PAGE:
Alright...so I picked up this baby yesterday and I must say, Whoa.
This plugin is NUTS. The idea behind it is to model the EQ / "coloration" characteristics of all these different types of input stages, compressors, and EQs, and put them all into one plugin that is a channel strip of all three. Enter URS Console Strip Pro. Though it doesn't look all that fancy, it's a great sounding plugin that does a LOT for only $300.
Jeez. Where to start.
I heard about this plugin from two main producers. One was Charles Dye, who is the first engineer to have a number one record that was completely mixed in the box. He's sort of a plugin legend.
Alright so let's talk about the plugin. According to the URS website, this is what all the plugin plugin models in the input stages:
- Three Class A American input transformers
- Class A British input transformer
- Class A German input transformer
- Two Class A tube input stages
- 15ips 2" tape electronics/head bump
- 30ips 2" tape electronics/head bump
- 30ips 1/2" tape electronics/head bump
- Fifteen input transformer & tape combos
- Five Console Input/Summing Buss stages
The EQ is laid out with 5 different models of EQ across 4 bands. The models are:
1951 - Pultec Style
1967 - API Style
1970 - Neve 1073 Style
1972 - Neve 1081 Style
1980 - SSL Style
The characteristics of these EQ curves really are noticeable when boosting or cutting a lot. If you set a boost in the lows or low mids to 4 or 6 dB and then switch through the different presets, you can hear the difference. It's subtle, but it's definitely there. The Pultec has a nice big bottom and smooth top, the Neves have a really tight low end and upper midrange boost, and the SSL has the classic edgy top. API doesn't really sound like the API to me, but it's still a good EQ.
You can arrange the EQ and compressor in a few ways. EQ first, Compressor first, Filters first, or all different combinations of those three. You can also bypass parts completely, or individual EQ bands only. You can link all the EQ "types" together using the Link button on the HF band. In addition to the EQ section you have the filters section for HPF and LPF, which I usually put pre compressor, and I love using them to tighten up the sound and remove any extraneous sounds I don't want to compress.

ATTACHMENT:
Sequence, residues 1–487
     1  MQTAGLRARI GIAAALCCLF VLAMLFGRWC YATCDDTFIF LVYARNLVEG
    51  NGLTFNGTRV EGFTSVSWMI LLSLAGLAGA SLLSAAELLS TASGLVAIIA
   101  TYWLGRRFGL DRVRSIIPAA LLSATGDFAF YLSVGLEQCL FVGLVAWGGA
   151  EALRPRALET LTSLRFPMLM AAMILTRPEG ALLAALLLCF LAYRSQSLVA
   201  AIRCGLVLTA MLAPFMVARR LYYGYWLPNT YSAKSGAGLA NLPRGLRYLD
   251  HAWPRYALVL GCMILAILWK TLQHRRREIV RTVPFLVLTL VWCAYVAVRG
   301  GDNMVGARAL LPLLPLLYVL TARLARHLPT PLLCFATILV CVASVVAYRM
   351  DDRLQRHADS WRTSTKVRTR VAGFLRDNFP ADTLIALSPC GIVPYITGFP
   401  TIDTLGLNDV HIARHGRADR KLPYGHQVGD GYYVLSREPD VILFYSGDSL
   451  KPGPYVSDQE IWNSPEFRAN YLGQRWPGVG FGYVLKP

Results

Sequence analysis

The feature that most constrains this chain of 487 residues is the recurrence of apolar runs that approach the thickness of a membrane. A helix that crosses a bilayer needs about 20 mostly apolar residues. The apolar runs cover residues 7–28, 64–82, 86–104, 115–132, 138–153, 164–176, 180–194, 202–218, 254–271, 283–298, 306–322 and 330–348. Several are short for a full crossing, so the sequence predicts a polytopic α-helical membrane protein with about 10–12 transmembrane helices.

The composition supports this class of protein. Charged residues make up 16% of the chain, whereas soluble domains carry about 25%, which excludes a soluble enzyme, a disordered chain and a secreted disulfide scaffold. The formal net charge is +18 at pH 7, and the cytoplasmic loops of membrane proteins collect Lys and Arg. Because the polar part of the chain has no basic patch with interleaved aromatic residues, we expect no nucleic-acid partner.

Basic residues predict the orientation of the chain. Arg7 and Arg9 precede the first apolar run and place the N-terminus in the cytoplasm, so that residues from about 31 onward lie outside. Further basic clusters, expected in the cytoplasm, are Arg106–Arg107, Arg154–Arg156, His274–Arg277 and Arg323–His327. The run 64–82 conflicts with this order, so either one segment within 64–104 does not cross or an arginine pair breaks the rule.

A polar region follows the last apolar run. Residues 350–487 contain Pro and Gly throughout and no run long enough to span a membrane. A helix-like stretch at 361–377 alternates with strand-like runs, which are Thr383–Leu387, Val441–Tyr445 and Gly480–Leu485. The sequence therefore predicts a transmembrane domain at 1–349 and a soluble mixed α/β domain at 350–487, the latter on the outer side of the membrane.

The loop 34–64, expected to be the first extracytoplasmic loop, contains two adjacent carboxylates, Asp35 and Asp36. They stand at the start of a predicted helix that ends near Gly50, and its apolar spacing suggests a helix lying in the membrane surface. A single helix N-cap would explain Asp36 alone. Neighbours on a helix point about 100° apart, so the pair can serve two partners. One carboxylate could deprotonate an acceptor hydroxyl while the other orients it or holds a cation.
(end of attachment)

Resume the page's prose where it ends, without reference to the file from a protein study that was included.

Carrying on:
The compressor side is really what makes this thing cool. It has SIXTY presets for compression. Yes, SIXTY. This includes things like LA2, 1176, Distressor, API 525, Fairchild, VariMu, etc. I personally think that is too much, but it does allow you to get quick sounds. Apparently these are not only modeled after the EQ curves of the piece of gear, but when you open a preset it adjusts the ratio / attack / release / release type (manual or 7 different auto modes) to fit the sound of the compressor. In addition to these, you can adjust for the "faster attack" switch, adjust the knee, and the gain makeup. The one thing I dislike is that it is totally dependent on the types of models, and there is no ratio control, so you sort of have to know what you're wanting in order to get a sound without tweaking many knobs. However, some would argue this makes you use your ear more. I can see that.
Probably my favorite part about the compressor section is that in V2 of this plugin (which I have) there is a Wet/Dry mix control for the compressor. This allows you to do parallel compression in real time with no phase issues from DAWs that don't have automatic delay compensation.
Some side notes - I LOVE that this plugin has input and output meters separately, as well as a gain reduction meter. I hate having to select what I want to see on the meter, I want to see all three! MAN that makes it easy for gain staging. The plugin operates very smoothly with your mouse and keyboard. Holding control will give you large knob turns as you scroll your mouse wheel. Releasing it will give you normal precision, and holding shift will give you fine precision.
The saving grace of this plugin to me was the presets. Once I got it I was like "oh man, I have no idea where to even start." The first five presets in the plugin are modeled by year, which select all the EQs to the same year, and then select a compressor / input stage that would match that year. Then they also have tape and tube compression presets. This is a nice place to start. I don't ever get into the presets about specific sources (e.g., "Rock Kick" or "Drum Bus" presets) because they NEVER work for me. Every source is different so I just use my ear.
Overall, this plugin is a REALLY great deal for $300. It comes with a lot of amazing tools in it. I think it beats out the Waves SSL channel for me, particularly because of all its features. The compression takes a little bit to get used to, but after you find a couple of models you like, you will find it really addicting. I just wish it wasn't ugly as hell.